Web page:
It’s time for politicians to use this year’s statewide bonding bill to fund a new future at Historic Fort Snelling.
This new future at Historic Fort Snelling is about much more than buildings. It’s about histories and the worlds they can create. As an educator, as a historian, and as a born-and-bred Minnesotan, I know that the histories we tell ourselves about each other matter more than we know. History isn’t just about the past. History is about the future.
State bonding money will empower the Minnesota Historical Society (MNHS) to take advantage of an incredible opportunity to shape a more thoughtful and inclusive future for our state. Working with a wide range of community partners, MNHS will put beloved narratives already associated with the fort alongside less familiar stories. The result will be a stunning redefinition of our state’s history, one that promises a brighter future for all Minnesotans.
Fort Snelling, after all, is unique. Nowhere else in Minnesota can students and elders alike encounter such a wide-ranging mix of painful and joyous histories that collectively define us. Through field trips and family visits, many already know Fort Snelling as the place where the United States military first laid claim to the strategic junction of the Mississippi and Minnesota rivers in the late 1810s. But there are so many other histories.
Today, Dakota people work to reclaim the sacred center of their universe —B’dote —where, in 1863, state authorities confined hundreds of them to a prison camp just outside the fort’s walls. Two years before that, white Minnesota volunteers mustered at the fort to serve in — and in some cases, die in — a bloody civil war to preserve the Union. That war also resulted in the emancipation of enslaved African-Americans. Dred Scott, one of those enslaved people, ensured that emancipation became the defining issue of the coming conflict when, in 1857, he sued for his freedom (based on his time as an enslaved person at Fort Snelling). Though Scott eventually lost his case, it went all the way to the U.S. Supreme Court. A generation later, African-American soldiers, popularly known as “Buffalo Soldiers,” garrisoned the fort (1882-1888).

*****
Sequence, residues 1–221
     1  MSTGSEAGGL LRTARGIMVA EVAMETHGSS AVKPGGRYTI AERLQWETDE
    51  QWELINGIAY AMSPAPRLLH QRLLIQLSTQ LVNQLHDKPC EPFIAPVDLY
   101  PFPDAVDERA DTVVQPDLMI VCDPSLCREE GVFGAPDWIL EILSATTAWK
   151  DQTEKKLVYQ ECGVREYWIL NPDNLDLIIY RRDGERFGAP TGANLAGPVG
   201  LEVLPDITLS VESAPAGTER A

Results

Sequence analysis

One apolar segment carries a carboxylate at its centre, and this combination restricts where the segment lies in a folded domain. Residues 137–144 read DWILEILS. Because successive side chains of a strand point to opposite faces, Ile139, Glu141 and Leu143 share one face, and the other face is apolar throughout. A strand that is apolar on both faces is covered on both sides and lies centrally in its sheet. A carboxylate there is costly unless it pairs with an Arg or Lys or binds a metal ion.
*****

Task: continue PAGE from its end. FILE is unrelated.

And those are just the 19th-century histories. During World War I, Fort Snelling again served the nation as a mustering site for Minnesota draftees and training center for officers. It also functioned as a hospital where women nurses tended not only to soldiers and veterans, but also local victims of the 1918 global influenza pandemic. During World War II, Fort Snelling became an induction center for soldiers sent off to defend democracy. Meanwhile, wrongfully displaced and imprisoned Japanese-Americans nonetheless made a crucial contribution to the war effort when they staffed the fort’s Military Intelligence Service Language School. There, they taught thousands of soldiers how to translate and decipher enemy messages. Finally, Norwegian-Americans — many from Minnesota — manned a specialized winter warfare unit (the 99th Infantry Battalion) that briefly trained at the fort.
State bonding money for Fort Snelling, money that follows up on the preliminary bonding funds awarded in 2017, will ensure that all these stories — and a host of others — get told. Fort Snelling is the only place in Minnesota where nearly every Minnesotan can encounter histories about themselves and their communities. We owe it to all of Minnesota’s children to invest in making sure that opportunity is not lost.
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